83. ^ a b Karp, Paul (13 April 1018). "Visa pathway for New Zealanders resident in Australia will cut migrant intake". The Guardian. Retrieved 21 July 2018.
  84. ^ Crockford, Toby (7 July 2018). "NZ pastor to be deported from Australia after public nuisance charges". Stuff.co.nz. Retrieved 29 July 2018.
  85. ^ Small, Zane (27 July 2018). "Deported NZ pastor Logan Robertson shows no remorse for harassing 'sissy' Muslims". Newshub. Retrieved 29 July 2018.
  86. ^ "Deported NZ pastor Logan Robertson doesn't regret harassing Muslims". New Zealand Herald. 29 July 2018. Retrieved 29 July 2018.
  87. ^ Bath, Brooke (15 August 2017). "Auckland pastor goes on rant, says gay people should be shot". Stuff.co.nz. Retrieved 29 July 2018.
  88. ^ Khalil, Shireen (19 July 2018). "'Program did not consider the impact on victims': ABC slammed by MP over NZ deportation piece". news.com.au. Retrieved 19 July 2018.
  89. ^ Khalil, Shireen (19 July 2018). "'No consideration for victims': ABC slammed over NZ deportation programme". New Zealand Herald. Retrieved 19 July 2018.
  90. ^ "Justice Minister Andrew Little's tough words for Australia". Newshub. 19 July 2018. Retrieved 19 July 2018.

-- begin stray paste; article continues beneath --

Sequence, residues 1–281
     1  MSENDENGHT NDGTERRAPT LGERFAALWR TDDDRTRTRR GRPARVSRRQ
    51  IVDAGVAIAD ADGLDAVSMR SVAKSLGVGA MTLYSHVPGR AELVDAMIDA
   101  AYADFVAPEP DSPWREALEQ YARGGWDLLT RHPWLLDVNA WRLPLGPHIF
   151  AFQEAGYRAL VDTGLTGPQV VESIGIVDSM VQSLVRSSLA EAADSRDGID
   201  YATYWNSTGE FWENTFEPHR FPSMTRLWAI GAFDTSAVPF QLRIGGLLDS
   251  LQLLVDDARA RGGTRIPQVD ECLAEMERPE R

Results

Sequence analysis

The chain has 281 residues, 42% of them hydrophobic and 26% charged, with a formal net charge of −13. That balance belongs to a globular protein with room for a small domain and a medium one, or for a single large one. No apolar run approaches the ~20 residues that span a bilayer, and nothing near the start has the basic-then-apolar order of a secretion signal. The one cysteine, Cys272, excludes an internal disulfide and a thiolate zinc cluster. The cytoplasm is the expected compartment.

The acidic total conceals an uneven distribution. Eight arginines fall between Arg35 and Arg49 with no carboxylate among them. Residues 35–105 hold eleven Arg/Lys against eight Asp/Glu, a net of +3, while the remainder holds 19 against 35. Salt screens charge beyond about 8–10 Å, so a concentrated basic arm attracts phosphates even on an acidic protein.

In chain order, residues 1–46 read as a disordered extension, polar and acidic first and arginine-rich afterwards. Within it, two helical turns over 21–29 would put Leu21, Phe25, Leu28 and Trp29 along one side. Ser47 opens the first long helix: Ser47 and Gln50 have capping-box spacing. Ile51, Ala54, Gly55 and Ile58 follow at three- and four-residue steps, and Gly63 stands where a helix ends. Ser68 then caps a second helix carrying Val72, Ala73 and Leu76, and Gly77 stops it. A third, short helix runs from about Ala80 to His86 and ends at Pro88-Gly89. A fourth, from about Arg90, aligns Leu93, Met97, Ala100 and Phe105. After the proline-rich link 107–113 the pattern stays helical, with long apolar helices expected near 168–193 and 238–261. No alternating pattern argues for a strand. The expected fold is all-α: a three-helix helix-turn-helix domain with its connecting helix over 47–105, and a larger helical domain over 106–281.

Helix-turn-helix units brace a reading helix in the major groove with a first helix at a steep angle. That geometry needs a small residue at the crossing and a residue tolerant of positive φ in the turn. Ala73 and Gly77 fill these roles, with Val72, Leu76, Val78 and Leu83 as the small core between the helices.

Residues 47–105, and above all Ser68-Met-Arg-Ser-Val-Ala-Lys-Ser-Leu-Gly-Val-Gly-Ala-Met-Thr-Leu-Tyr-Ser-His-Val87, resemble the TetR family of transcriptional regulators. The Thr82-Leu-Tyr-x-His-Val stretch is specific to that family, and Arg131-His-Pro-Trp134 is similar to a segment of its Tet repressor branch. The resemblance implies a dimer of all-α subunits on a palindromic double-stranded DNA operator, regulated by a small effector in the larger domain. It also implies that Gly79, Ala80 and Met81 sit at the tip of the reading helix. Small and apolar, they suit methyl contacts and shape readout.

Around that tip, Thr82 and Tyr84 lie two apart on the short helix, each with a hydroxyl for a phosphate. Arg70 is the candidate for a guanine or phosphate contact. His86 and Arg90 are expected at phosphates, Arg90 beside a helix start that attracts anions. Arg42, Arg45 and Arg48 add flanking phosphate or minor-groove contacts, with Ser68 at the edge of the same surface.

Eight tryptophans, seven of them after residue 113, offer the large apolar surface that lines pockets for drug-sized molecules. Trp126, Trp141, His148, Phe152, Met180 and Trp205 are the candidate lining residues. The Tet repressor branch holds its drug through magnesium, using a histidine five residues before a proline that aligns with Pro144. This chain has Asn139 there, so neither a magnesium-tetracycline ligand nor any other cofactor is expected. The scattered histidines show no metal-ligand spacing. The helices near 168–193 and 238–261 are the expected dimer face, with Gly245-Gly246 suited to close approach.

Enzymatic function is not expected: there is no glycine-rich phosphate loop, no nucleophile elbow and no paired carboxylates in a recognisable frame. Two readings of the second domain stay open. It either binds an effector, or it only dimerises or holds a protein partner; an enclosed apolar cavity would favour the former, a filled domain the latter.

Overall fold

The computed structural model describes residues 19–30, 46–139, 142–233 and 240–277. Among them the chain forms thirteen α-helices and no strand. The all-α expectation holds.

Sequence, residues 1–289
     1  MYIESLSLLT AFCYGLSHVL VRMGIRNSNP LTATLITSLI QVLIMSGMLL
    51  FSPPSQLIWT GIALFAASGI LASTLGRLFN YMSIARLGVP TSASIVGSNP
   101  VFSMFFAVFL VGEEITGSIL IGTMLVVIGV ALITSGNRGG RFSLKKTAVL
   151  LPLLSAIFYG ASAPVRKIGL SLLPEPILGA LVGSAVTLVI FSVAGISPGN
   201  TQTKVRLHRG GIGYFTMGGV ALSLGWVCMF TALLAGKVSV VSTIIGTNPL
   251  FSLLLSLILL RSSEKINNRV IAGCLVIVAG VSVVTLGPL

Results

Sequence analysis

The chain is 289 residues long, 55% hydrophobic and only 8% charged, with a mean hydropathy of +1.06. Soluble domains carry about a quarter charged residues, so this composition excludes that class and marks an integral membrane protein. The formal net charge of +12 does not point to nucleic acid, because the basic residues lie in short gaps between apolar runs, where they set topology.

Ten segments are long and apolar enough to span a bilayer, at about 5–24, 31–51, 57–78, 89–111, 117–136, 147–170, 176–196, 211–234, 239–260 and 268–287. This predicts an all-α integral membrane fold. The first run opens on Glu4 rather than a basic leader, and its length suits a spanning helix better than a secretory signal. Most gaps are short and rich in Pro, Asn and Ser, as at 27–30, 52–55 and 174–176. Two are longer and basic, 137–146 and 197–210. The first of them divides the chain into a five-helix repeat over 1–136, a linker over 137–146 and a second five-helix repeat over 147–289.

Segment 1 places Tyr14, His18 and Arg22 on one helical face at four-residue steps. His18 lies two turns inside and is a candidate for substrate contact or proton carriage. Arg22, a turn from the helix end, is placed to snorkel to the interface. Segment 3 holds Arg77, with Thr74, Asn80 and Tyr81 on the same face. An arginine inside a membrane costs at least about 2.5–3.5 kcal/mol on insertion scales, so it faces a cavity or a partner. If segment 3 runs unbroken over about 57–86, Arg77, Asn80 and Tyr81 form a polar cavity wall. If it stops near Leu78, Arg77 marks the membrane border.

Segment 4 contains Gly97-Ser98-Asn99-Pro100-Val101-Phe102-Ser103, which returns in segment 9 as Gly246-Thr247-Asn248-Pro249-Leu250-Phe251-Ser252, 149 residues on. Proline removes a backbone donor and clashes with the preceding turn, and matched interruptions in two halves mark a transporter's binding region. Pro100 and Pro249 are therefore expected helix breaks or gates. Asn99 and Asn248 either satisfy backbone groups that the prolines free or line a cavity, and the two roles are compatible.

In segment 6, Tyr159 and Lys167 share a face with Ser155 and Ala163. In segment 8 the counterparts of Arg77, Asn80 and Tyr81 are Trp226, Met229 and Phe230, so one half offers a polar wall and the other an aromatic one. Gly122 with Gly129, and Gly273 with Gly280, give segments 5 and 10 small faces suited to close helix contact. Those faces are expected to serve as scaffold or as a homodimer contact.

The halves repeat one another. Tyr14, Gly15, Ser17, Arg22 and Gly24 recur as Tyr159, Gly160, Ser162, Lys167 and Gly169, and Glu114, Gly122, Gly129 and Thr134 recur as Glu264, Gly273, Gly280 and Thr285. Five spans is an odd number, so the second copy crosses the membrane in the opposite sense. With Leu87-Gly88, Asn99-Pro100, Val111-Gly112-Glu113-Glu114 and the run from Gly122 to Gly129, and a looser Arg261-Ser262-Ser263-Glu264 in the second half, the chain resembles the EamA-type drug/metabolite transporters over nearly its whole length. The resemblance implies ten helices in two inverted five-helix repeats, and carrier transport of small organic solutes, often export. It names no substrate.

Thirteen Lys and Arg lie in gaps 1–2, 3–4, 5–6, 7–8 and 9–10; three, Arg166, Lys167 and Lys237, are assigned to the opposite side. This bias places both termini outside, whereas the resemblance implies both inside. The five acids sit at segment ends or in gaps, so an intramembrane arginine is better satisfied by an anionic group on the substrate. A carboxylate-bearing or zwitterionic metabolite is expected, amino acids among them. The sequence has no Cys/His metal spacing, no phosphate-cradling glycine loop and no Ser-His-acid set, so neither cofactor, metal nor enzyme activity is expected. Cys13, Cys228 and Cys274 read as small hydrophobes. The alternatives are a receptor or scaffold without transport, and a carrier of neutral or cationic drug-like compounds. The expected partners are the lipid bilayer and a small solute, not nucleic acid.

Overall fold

91. ^ Bracewell-Worrall, Anna (17 July 2018). "Kiwi minor released from Australian adults' detention centre". Newshub. Retrieved 19 July 2018.
  92. ^ Bennett, Lucy (20 July 2018). "Peter Dutton vows to continue deportations following criticism from Andrew Little". New Zealand Herald. Retrieved 20 July 2018.
  93. ^ "Peter Dutton leadership challenge speculation grows". 9 News. 20 August 2018.
  94. ^ Remeikis, Amy; Hutchens, Gareth; Murphy, Katharine; Knaus, Christopher (21 August 2018). "Dutton resigns after Turnbull survives Liberal leadership spill 48-35 – politics live". Retrieved 21 August 2018 – via www.theguardian.com.
  95. ^ Coorey, Phil (21 August 2018). "Peter Dutton's backers vow it's not over for Malcolm Turnbull". Australian Financial Review.
  96. ^ Loussikian, Kylar; McCauley, Dana (22 August 2018). "Government refers Dutton's eligibility to Solicitor-General". The Sydney Morning Herald.
  97. ^ "Labor's Dutton court check push defeated". SBS News. Australian Associated Press. 23 August 2018. Retrieved 23 August 2018.
  98. ^ "Solicitor-General suggests Peter Dutton can stay in Parliament amid eligibility cloud". ABC News. 24 August 2018. Retrieved 26 August 2018.